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Diamonds Are A Dictators Best Friend?

Jeffrey Coolidge | The Image Bank | Getty Images

With all the talk of 'regime elements' and wealthy businessmen fleeing Egypt, I've been thinking about gold and diamonds a lot lately.

We hear of dictators stashing large quantities of gold: For example, stories of Saddam Hussein's gold stash have achieved quasi-mythic proportions—George Clooney even starred in a film based on the premise.

But why not diamonds?

Diamonds are obviously orders of magnitude smaller, lighter, and easier to hide. On that very subject, I actually quoted a Wikipedia entry (in the article I linked to above).

"A high quality diamond weighing as little as 2 or 3 grams could be worth as much as 100 kilos of gold. This extremely condensed value and portability does bestow diamonds as a form of emergency funding. People and populations displaced by war or extreme upheaval have utilised this portable asset successfully"

All of this makes perfect sense.

So do a dictator's diamonds have a downside?

They do: Several, in fact.

The first advantage gold has is fungibility. That means any unit of gold can be substituted for another unit of gold of equivalent size.

In other words a kilobar of gold is a kilobar of gold is a kilobar of gold.

As anyone who has even remotely contemplated marriage can attest, a diamond most certainly is not just a diamond.

The so-called Four-C's—carat, color, clarity, and cut—create a multivariate matrix, which subtends a staggering array of price combinations.

When it comes to diamonds, one unit, arbitrarily selected, is not substantially equivalent to another. Not even kind of.

Then there is the matter of liquidity—which diamonds lack in comparison to gold.

Liquidity, in its most fundamental sense, is a measure of how readily a unit of something can be exchanged for cash.

Liquidity, in essence, is a measure of how quickly and easily something can be sold—without taking a bath on the price.

While the concept of liquidity seems straight forward enough, it gets rather slippery in practice when you try to pin a simple definition to it.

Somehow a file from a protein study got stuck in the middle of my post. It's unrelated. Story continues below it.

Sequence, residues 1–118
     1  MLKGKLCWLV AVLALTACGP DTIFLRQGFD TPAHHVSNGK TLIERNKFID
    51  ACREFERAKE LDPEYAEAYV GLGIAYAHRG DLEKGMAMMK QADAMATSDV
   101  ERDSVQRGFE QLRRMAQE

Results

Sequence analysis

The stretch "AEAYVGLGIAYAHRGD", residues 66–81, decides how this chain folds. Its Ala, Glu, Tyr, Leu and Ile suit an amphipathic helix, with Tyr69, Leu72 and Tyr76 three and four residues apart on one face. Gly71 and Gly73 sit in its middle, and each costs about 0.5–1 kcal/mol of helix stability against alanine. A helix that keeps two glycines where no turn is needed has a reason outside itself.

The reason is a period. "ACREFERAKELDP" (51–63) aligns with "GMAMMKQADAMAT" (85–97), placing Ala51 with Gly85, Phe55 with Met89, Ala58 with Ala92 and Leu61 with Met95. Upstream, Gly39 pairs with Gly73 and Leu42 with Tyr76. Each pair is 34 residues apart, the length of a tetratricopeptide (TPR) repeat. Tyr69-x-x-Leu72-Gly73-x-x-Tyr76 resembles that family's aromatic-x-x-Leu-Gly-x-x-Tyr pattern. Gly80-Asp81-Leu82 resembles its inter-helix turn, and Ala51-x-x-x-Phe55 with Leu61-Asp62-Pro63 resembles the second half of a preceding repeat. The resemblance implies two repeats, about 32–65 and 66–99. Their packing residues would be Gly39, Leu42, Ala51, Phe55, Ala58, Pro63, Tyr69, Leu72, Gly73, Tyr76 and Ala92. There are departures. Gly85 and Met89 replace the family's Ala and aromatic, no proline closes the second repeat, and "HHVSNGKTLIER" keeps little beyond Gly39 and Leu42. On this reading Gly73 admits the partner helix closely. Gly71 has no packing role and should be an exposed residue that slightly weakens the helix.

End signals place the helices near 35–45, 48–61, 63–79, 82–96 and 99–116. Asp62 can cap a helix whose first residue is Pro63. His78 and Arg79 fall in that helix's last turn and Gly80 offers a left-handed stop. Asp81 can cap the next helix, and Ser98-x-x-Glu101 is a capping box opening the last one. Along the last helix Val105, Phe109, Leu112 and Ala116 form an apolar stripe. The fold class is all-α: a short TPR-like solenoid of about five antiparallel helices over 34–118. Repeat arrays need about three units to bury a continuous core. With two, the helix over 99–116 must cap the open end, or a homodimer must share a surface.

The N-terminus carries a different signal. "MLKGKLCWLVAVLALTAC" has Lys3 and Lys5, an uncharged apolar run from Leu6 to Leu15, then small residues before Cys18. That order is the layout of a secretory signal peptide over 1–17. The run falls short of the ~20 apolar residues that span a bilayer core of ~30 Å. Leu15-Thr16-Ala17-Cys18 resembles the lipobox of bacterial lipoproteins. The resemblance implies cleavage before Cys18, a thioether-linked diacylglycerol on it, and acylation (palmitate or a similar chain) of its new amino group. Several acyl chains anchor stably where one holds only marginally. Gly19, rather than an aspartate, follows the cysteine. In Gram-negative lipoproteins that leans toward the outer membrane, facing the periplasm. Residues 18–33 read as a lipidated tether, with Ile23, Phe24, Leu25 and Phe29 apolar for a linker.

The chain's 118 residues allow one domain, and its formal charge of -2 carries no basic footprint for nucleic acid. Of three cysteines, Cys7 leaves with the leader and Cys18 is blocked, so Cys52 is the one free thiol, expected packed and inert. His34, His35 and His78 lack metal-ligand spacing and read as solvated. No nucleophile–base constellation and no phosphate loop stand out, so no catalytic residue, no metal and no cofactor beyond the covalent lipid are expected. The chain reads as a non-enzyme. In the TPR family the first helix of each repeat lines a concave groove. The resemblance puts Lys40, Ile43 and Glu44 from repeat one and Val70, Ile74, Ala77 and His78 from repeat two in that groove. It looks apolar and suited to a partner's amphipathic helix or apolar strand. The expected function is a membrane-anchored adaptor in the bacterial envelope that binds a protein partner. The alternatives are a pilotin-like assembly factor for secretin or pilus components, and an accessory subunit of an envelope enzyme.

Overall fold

For example, Wikipedia offers the following three definitions in its entry for liquidity:

1) It can be sold rapidly, with minimal loss of value, any time within market hours.

2) The essential characteristic of a liquid market is that there are ready and willing buyers and sellers at all times. Another elegant definition of liquidity is the probability that the next trade is executed at a price equal to the last one.

3) A market may be considered deeply liquid if there are ready and willing buyers and sellers in large quantities.

(The concept of Liquidity is reminiscent of Supreme Court Justice Potter Stewart's famous analysis—of hard-core pornography. It may be difficult to define—"But I know it when I see it".)

Finally, the absence of a 'terminal market' for diamonds has an impact on their liquidly.

A terminal market is exactly what you might suspect: A central clearing house or exchange, where commodity trades can be executed; a place where all transactions can ultimately terminate.

But despite their shortcomings—in measures of fungibility and liquidity—despite even the absence of a terminal market—diamonds do confer unique advantages.

A fist sized wad of diamonds can be stuffed into a shirt pocket.

Or, for the truly paranoid, secreted in a false heel.

And—in the very worst case scenario—when the good guys are closing in—one can always swallow a handful of diamonds.

(Then hope for the best.)


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